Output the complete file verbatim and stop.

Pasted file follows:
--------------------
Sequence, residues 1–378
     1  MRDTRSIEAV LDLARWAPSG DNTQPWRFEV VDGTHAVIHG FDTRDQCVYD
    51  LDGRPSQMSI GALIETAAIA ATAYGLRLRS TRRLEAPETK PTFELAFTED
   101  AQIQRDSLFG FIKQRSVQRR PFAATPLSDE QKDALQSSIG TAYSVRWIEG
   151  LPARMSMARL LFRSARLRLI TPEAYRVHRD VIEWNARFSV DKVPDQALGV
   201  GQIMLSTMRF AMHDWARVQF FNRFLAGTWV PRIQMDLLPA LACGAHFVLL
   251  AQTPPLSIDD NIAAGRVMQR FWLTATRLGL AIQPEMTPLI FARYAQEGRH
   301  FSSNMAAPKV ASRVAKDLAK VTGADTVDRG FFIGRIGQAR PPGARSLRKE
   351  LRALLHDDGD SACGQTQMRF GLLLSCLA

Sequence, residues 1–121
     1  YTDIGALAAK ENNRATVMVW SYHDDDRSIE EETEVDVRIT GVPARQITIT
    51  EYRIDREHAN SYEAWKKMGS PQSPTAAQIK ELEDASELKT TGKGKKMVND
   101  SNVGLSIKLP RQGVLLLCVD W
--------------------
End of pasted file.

Sequence, residues 1–378
     1  MRDTRSIEAV LDLARWAPSG DNTQPWRFEV VDGTHAVIHG FDTRDQCVYD
    51  LDGRPSQMSI GALIETAAIA ATAYGLRLRS TRRLEAPETK PTFELAFTED
   101  AQIQRDSLFG FIKQRSVQRR PFAATPLSDE QKDALQSSIG TAYSVRWIEG
   151  LPARMSMARL LFRSARLRLI TPEAYRVHRD VIEWNARFSV DKVPDQALGV
   201  GQIMLSTMRF AMHDWARVQF FNRFLAGTWV PRIQMDLLPA LACGAHFVLL
   251  AQTPPLSIDD NIAAGRVMQR FWLTATRLGL AIQPEMTPLI FARYAQEGRH
   301  FSSNMAAPKV ASRVAKDLAK VTGADTVDRG FFIGRIGQAR PPGARSLRKE
   351  LRALLHDDGD SACGQTQMRF GLLLSCLA

Sequence, residues 1–121
     1  YTDIGALAAK ENNRATVMVW SYHDDDRSIE EETEVDVRIT GVPARQITIT
    51  EYRIDREHAN SYEAWKKMGS PQSPTAAQIK ELEDASELKT TGKGKKMVND
   101  SNVGLSIKLP RQGVLLLCVD W